Policy Considerations for Implementing Gun Liability Insurance in North Carolina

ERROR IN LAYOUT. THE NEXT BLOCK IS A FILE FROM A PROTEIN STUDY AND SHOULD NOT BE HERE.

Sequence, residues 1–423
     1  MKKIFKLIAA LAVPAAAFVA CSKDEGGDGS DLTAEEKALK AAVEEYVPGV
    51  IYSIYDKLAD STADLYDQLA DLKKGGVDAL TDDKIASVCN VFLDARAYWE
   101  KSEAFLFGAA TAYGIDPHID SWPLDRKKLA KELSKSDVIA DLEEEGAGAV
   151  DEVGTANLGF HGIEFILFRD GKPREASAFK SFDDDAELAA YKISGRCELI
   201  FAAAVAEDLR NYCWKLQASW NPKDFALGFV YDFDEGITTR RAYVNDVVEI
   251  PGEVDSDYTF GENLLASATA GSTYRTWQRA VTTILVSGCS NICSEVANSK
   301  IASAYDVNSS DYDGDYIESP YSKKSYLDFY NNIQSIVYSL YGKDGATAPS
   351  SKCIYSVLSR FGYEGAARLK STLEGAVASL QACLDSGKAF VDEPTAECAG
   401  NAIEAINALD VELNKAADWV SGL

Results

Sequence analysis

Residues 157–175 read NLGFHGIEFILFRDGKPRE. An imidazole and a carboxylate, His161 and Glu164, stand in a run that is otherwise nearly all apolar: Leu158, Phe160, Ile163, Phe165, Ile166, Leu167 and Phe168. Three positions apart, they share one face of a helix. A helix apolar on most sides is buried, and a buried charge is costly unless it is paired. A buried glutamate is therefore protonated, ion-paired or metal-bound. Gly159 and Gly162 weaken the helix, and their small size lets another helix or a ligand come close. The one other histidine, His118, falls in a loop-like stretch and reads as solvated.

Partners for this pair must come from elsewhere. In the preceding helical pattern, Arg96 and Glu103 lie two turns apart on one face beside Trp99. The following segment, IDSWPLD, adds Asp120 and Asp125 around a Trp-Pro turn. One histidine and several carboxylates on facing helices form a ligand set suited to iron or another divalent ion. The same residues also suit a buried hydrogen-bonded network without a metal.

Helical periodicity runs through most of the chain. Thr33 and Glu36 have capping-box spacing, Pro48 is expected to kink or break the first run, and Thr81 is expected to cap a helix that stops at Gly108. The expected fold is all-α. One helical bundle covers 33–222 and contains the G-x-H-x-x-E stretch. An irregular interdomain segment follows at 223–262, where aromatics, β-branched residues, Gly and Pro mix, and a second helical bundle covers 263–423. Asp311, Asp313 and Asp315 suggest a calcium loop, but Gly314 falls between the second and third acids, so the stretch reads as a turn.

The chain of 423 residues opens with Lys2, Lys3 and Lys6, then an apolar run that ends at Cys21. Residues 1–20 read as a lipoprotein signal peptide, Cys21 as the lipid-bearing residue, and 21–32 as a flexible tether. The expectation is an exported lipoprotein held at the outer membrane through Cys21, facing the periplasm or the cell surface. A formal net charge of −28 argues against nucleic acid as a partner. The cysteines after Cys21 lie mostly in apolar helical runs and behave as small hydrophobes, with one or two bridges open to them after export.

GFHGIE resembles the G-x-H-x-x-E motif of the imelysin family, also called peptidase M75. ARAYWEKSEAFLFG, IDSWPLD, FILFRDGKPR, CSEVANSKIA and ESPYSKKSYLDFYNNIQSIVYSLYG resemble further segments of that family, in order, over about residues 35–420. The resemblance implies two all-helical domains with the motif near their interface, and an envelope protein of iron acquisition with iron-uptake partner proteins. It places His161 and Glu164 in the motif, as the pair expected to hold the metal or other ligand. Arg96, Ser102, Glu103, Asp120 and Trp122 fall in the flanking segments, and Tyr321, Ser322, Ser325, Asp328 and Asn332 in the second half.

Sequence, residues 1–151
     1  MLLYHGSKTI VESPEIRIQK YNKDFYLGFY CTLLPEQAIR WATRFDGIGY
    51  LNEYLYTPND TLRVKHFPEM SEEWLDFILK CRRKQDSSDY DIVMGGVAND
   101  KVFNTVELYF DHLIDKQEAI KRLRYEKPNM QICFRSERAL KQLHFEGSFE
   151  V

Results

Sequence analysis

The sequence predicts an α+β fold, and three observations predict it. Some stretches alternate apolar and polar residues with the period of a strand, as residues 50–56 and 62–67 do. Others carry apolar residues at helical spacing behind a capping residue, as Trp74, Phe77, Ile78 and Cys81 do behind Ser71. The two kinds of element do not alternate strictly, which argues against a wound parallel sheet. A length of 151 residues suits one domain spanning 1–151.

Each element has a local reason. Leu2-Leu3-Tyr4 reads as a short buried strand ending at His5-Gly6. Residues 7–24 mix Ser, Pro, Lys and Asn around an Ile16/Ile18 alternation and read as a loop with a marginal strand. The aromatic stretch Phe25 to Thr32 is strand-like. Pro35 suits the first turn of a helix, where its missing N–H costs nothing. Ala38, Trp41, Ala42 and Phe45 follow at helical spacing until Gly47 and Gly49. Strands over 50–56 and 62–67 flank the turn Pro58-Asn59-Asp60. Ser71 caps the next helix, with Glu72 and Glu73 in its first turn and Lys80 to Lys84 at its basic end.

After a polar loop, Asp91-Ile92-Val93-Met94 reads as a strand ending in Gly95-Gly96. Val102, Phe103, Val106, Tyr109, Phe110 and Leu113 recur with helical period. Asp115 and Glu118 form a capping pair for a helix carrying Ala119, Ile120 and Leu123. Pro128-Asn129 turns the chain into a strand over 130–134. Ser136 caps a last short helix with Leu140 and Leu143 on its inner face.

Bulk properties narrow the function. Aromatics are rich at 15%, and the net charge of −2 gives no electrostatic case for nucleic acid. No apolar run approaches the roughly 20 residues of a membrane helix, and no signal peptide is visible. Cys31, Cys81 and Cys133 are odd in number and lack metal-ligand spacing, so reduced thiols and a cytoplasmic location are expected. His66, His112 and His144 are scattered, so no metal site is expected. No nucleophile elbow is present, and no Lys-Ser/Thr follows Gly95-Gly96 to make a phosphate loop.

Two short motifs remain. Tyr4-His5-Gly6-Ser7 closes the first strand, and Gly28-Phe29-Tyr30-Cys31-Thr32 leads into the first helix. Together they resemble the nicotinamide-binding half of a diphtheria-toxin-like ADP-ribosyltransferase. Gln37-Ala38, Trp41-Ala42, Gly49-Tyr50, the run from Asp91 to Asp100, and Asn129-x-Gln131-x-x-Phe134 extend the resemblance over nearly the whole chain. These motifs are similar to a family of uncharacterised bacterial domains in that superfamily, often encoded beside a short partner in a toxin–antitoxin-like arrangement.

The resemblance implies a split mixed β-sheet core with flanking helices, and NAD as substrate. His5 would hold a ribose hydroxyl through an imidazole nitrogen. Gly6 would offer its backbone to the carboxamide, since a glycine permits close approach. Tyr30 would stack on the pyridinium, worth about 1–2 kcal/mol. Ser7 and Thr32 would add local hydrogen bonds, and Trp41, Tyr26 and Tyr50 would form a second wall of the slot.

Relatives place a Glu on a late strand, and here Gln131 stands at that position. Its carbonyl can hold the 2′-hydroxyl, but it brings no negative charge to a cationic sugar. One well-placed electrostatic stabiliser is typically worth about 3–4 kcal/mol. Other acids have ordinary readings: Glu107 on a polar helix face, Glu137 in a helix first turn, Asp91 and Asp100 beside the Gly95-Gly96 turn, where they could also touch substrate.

Repository Usage Stats